Most of the country’s electricity suppliers are preparing to announce December retail electricity prices of between 32 and 35 cents per MWh, down 20 percent compared to November, a reflection of lower natural gas prices at the Dutch TTF hub in recent weeks.
Some suppliers are set to go as low as just over 30 cents per MWh, the lowest retail power prices have been since August, when new rules were introduced requiring suppliers to announce prices for each forthcoming month by the 20th of the preceding month.
Given this requirement, helping consumers make price comparisons, suppliers must announce their December prices by midnight Sunday.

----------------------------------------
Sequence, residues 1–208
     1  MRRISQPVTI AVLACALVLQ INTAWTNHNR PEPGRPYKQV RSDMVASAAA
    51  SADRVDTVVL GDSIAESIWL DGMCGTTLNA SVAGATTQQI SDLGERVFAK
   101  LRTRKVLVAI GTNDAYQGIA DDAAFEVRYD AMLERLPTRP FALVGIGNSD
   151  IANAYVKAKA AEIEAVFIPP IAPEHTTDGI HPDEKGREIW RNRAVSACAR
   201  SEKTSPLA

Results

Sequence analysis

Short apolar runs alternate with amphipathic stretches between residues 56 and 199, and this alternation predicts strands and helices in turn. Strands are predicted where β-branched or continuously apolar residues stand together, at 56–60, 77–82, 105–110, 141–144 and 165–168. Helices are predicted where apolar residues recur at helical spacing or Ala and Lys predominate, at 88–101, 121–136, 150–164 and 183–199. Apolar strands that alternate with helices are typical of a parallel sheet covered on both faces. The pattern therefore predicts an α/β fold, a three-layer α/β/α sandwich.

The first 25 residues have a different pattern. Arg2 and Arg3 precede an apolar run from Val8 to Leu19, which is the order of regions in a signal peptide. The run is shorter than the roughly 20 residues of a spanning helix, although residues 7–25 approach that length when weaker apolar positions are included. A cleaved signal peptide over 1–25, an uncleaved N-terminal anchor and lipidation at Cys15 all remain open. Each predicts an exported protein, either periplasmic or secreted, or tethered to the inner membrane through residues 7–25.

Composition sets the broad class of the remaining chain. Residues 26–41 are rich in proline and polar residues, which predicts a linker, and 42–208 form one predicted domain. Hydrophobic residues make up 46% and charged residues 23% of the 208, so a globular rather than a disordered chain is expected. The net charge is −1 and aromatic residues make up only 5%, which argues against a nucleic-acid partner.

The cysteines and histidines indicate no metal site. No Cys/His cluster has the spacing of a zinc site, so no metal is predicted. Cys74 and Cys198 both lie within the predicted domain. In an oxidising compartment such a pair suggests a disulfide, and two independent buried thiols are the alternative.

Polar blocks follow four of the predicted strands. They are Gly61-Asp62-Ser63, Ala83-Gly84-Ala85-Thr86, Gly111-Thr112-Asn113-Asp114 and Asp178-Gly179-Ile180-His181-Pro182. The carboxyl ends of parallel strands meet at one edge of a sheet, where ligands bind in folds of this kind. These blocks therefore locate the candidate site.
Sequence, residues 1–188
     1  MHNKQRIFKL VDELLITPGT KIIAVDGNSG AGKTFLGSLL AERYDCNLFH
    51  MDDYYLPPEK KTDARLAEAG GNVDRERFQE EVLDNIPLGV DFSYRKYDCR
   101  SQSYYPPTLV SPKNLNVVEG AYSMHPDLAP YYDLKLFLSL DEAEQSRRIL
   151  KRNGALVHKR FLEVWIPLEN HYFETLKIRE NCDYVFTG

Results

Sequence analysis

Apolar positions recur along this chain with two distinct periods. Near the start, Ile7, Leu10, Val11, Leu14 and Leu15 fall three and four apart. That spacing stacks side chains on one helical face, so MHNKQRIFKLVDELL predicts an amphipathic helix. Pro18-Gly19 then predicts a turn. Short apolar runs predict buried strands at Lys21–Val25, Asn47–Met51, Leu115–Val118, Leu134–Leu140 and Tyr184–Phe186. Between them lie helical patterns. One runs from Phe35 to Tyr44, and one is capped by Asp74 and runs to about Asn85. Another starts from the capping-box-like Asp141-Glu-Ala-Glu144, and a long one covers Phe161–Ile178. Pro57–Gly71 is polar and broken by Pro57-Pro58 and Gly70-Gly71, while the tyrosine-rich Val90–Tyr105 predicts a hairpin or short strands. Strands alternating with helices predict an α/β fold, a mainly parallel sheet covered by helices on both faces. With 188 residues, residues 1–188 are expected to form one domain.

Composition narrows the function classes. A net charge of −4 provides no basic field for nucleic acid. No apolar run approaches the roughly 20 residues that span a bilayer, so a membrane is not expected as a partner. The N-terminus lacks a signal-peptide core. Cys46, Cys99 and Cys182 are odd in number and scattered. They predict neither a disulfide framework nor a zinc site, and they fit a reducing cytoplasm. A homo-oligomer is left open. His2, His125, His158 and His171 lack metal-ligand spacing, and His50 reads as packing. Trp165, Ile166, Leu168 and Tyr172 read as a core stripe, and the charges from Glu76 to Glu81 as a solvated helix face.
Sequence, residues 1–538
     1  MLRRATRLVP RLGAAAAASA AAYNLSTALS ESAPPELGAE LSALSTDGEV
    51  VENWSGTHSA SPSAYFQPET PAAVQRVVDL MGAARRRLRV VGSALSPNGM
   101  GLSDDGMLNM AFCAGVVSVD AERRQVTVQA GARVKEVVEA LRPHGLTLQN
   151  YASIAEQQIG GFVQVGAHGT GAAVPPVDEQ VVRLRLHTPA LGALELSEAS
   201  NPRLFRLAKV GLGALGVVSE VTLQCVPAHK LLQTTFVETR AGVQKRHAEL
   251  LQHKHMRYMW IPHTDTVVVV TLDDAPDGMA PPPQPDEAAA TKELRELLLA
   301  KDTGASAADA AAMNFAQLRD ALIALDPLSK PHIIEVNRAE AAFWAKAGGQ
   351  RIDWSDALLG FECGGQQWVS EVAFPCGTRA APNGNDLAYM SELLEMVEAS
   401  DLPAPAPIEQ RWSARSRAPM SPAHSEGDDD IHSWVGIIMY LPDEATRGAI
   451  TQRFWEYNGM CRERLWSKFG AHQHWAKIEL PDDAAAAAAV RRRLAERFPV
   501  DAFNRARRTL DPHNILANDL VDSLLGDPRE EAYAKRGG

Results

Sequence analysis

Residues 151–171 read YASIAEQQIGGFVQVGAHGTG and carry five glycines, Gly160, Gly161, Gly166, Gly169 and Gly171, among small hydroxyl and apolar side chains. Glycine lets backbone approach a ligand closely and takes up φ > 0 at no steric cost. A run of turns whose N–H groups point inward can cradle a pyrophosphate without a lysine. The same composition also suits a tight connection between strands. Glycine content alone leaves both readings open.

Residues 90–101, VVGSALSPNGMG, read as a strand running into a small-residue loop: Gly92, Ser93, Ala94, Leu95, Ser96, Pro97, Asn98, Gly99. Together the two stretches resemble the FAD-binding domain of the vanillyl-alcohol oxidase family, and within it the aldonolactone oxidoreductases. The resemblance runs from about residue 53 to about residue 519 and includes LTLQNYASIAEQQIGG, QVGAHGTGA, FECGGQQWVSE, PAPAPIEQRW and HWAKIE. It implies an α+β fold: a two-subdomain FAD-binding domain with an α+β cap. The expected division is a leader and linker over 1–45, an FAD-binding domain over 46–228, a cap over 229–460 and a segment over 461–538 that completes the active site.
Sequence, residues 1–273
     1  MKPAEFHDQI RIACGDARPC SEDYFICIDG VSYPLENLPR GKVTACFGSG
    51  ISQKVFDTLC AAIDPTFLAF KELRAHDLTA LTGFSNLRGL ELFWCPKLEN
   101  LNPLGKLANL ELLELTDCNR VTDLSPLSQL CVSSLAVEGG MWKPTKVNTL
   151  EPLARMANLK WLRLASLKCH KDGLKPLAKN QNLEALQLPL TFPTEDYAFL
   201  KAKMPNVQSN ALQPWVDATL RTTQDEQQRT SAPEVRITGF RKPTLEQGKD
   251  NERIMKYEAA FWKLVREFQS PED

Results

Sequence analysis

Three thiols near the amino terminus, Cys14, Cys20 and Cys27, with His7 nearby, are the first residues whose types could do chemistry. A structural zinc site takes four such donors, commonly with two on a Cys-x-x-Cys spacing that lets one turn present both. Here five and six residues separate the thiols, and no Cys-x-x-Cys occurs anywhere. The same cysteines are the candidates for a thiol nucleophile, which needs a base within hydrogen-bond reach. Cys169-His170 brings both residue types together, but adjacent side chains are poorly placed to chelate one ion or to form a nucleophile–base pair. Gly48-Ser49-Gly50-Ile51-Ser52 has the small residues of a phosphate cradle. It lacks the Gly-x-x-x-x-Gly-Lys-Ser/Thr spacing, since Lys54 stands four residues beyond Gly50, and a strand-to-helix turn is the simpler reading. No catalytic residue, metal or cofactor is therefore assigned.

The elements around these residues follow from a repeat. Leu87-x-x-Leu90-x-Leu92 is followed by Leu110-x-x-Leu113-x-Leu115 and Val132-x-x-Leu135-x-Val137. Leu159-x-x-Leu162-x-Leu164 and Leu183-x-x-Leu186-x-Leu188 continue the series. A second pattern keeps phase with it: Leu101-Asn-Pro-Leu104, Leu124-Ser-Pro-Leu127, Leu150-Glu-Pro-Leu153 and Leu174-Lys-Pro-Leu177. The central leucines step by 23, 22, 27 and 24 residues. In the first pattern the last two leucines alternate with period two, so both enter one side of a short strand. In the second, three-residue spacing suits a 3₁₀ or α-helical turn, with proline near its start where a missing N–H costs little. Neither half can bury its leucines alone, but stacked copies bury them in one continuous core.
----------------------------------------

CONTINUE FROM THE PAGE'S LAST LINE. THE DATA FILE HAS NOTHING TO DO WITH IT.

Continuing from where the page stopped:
The anticipated price reduction will not result in lower prices for consumers. But the state, subduing the cost of retail electricity at 15 to 16 cents per KWh through subsidies, will benefit as it will be able to maintain this desired price level by contributing less.
Like in November, no state budget money will be needed for energy subsidies offered by the government, meaning it will have some leeway to subsidize other sectors, most probably auto fuel, once again on the rise.
On another front, suppliers have expressed complaints about a new windfall profit tax, set to be introduced over successive three-month periods, beginning with August to October. Suppliers protest the initiative’s formula lacks clarity and has increased the complexity of cost calculations.